The dishes are inspired by the Old World dishes of the people who settled in the U.P. – like the Finns, Irish, and Germans of my heritage – as well as the Native Americans who were there first. I love thinking about how creative the original “Yoopers” must have had to be to incorporate foods that must have been unfamiliar to them along with those old favorites. I guess that’s how you end up with a regional cookbook that includes dishes like these:
Woodchuck and beaver (and squirrel, bear, and raccoon) aside, the dishes in this cookbook are the ones I remember bringing to church potlucks, helping my mom make on holidays, and sitting down in front of at the dinner table every day. They’re what I remember eating at the mom-and-pop restaurants on the rare occasion we got to go out to eat. They’re a product of the people, the place, and the time that defined my upbringing.
Lesson learned? I do have a food culture, and so do you. I bet if you do some digging you’ll find that your cultural heritage plus the place that you grew up created a distinctive way of eating that’s unique to your personal history.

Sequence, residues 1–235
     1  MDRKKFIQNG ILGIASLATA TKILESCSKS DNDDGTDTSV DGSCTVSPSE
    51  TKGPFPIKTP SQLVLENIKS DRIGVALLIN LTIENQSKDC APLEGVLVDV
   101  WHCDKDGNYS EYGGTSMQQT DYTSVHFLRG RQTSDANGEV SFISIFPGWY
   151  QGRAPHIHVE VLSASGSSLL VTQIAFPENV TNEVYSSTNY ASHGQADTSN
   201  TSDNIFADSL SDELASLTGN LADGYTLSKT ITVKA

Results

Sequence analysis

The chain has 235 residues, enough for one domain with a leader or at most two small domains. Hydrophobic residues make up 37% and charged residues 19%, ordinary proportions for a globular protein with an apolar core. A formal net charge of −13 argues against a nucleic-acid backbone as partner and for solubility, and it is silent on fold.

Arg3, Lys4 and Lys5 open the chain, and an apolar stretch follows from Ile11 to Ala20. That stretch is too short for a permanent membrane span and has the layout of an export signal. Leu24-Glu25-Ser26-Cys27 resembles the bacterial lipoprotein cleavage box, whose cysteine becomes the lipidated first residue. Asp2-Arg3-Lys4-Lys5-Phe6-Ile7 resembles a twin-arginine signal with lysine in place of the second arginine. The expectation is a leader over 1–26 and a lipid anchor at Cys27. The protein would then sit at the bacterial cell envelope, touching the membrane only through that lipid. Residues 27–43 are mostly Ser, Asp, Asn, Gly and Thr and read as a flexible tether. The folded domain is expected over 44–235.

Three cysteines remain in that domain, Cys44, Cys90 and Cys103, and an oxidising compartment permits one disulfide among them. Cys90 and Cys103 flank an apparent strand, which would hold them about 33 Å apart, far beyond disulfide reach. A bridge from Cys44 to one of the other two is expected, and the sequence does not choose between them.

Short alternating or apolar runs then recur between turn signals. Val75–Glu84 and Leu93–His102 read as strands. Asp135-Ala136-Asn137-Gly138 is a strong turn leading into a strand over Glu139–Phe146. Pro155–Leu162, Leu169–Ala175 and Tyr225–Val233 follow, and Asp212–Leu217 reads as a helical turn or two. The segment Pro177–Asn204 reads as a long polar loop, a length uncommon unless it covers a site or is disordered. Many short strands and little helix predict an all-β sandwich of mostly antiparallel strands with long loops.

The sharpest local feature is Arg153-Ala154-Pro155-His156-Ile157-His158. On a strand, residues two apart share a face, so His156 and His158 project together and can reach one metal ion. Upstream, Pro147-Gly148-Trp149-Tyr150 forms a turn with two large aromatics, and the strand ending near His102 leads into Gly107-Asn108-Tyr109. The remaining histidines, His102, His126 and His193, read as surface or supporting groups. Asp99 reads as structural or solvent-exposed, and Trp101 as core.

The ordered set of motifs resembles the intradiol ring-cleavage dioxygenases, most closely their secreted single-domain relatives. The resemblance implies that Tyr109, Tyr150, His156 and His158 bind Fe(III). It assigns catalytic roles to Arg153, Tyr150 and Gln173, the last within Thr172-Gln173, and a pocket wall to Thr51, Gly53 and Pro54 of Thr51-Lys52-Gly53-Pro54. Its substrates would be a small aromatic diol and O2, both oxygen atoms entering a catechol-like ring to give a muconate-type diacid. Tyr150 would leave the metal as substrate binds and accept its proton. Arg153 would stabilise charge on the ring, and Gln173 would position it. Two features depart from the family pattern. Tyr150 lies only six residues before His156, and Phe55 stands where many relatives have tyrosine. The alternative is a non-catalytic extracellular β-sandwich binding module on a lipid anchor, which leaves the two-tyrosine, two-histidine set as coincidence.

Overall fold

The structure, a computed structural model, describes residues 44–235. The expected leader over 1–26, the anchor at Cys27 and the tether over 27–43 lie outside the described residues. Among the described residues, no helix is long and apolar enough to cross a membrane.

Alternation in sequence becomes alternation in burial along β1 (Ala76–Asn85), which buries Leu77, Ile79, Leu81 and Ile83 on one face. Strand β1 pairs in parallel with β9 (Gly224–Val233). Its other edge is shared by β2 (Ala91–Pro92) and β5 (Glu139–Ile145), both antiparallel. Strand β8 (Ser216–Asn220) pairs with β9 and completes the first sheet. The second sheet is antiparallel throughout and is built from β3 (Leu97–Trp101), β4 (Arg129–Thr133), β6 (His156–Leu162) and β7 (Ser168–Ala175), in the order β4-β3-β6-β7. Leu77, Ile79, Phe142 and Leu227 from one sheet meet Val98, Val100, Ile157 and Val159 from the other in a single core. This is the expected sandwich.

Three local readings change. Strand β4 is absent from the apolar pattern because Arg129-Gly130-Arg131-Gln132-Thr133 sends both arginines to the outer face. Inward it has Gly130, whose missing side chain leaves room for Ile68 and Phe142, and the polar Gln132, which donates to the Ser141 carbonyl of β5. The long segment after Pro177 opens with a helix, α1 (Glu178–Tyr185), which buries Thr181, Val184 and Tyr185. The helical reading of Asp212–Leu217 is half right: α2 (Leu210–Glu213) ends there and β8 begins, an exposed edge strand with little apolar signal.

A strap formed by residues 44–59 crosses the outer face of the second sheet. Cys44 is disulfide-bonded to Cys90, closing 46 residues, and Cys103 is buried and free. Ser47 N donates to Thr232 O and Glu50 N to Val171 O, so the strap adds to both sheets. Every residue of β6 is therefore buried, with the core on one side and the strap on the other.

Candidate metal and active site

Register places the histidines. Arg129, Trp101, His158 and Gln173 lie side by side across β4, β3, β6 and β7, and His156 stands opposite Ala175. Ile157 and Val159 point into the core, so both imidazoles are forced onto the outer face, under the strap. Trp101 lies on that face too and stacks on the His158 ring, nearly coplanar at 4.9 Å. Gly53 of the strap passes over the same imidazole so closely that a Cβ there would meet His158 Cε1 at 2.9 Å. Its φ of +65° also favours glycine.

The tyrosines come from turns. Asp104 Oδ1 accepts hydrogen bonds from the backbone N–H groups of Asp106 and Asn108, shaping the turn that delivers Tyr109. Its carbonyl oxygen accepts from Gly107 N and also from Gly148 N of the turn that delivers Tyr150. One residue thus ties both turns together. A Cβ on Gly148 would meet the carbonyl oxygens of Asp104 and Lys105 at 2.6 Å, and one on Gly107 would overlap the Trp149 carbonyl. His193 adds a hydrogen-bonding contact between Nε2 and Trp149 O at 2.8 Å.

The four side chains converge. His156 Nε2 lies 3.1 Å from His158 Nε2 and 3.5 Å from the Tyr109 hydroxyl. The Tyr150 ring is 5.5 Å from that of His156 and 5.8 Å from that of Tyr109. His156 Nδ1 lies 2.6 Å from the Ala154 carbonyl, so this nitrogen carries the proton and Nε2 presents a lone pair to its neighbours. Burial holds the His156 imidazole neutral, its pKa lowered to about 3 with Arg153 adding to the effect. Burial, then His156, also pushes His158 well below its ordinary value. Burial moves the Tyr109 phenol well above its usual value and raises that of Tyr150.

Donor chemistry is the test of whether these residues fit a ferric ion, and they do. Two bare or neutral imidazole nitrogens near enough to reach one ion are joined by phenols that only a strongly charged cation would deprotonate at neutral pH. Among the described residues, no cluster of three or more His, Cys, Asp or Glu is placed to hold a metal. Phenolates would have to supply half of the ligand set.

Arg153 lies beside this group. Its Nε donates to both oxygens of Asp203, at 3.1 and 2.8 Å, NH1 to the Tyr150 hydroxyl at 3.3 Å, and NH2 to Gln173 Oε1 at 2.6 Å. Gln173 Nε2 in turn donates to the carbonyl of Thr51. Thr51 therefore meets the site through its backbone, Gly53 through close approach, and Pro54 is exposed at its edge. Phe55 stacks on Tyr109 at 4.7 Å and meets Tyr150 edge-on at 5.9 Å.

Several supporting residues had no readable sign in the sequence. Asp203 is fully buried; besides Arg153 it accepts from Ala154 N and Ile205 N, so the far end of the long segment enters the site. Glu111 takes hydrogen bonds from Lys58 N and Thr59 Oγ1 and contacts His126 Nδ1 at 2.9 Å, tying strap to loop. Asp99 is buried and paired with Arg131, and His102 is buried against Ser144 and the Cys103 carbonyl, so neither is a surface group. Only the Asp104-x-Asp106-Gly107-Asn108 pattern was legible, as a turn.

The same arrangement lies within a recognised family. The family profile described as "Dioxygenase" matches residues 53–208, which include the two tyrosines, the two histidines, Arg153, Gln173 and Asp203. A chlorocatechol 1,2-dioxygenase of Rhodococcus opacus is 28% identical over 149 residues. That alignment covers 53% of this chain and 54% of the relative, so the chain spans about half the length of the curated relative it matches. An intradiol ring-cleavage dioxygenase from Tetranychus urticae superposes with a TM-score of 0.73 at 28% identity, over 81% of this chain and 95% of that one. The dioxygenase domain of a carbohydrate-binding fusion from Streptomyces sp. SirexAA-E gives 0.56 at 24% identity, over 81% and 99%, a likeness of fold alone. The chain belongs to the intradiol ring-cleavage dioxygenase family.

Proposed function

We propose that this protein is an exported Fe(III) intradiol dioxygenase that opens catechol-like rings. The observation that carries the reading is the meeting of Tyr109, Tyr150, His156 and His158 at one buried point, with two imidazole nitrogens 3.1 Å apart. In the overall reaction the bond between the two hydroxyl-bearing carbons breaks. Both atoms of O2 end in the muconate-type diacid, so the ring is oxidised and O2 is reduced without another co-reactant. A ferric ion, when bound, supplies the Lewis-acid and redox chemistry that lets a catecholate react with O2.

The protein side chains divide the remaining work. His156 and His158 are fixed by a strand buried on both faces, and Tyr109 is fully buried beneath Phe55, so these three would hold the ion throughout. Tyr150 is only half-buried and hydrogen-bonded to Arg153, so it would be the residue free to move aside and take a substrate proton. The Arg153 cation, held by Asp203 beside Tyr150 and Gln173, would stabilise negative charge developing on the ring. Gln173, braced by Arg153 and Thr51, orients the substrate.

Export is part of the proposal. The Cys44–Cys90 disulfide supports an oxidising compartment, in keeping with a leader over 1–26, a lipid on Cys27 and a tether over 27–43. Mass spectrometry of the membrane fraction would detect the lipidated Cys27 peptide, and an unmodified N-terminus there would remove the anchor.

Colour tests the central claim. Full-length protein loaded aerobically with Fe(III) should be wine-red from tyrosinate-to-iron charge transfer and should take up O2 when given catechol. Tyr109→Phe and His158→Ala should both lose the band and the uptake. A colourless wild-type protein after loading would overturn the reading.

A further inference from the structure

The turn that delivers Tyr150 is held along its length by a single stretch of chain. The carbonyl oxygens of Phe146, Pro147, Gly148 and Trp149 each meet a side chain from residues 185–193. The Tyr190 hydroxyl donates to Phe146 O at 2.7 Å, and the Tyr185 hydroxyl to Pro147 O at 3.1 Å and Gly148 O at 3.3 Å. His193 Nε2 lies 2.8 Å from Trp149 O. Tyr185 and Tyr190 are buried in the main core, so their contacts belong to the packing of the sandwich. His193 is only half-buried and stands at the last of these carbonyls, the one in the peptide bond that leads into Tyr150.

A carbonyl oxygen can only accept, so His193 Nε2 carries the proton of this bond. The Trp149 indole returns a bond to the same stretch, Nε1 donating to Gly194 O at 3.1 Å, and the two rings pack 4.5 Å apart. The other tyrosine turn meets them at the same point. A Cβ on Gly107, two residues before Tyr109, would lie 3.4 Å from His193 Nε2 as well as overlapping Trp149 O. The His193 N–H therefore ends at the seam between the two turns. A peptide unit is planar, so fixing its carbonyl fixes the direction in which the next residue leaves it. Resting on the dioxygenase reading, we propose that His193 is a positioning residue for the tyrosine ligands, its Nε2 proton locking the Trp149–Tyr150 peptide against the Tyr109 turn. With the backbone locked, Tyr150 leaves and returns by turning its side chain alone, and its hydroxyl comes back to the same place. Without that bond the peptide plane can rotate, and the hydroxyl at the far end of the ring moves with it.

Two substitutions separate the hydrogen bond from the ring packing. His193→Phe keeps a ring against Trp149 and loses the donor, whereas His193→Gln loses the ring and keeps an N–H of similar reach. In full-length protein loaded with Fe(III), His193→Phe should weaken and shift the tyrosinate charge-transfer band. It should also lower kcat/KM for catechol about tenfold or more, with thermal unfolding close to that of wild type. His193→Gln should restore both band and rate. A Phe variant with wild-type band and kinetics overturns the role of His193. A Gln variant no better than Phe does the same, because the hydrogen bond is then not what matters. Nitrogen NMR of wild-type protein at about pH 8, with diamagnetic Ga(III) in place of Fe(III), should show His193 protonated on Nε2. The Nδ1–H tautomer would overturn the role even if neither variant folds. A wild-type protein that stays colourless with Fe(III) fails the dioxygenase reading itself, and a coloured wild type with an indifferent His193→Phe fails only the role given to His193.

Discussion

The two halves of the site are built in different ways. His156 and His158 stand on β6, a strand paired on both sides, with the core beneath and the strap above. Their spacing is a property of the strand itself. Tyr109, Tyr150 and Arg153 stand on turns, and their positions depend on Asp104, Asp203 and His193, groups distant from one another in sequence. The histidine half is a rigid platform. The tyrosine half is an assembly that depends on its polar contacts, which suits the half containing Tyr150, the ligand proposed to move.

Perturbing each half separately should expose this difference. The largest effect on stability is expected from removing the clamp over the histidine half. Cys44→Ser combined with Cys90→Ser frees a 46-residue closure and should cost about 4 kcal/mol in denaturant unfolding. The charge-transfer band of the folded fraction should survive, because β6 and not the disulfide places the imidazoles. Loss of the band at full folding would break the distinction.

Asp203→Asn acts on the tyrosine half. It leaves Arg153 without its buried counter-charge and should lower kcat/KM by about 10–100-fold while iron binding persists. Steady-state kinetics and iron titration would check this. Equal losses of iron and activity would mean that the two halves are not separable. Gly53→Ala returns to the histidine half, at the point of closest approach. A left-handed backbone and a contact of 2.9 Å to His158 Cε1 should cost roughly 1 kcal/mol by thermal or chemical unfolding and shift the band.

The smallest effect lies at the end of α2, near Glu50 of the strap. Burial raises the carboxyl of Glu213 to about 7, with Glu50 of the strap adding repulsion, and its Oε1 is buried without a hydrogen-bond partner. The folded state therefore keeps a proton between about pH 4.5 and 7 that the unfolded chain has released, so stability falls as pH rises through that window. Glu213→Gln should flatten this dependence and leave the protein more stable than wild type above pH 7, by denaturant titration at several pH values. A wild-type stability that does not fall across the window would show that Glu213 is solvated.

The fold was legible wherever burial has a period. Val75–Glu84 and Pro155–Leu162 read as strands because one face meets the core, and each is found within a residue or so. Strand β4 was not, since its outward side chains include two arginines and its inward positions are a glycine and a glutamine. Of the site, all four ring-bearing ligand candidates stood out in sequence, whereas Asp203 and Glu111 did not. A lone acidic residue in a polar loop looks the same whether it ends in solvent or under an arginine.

I’m sure things are different in the Upper Peninsula these days. As is true everywhere else, the local supermarkets’ produce sections now feature a much bigger variety than they did in the 70s and 80s. I bet you can even get avocados and kiwi and mangos there year-round.
But I wonder if, even as they embrace new ways of eating, the kids growing up today will keep some of those food traditions alive.
I hope so. And I’m feeling some responsibility to pass my own food heritage on to my kids. The way we ate might not have been trendy or exotic, but it was real and honest and the very definition of “local” eating. The food is a story about where I grew up blended with the story of who our people were, and the great thing is that it’s a story that I can continue tell my own kids, right at our dinner table.
Maybe not the sweet pickled beaver…but then again, who knows how inspired I might get?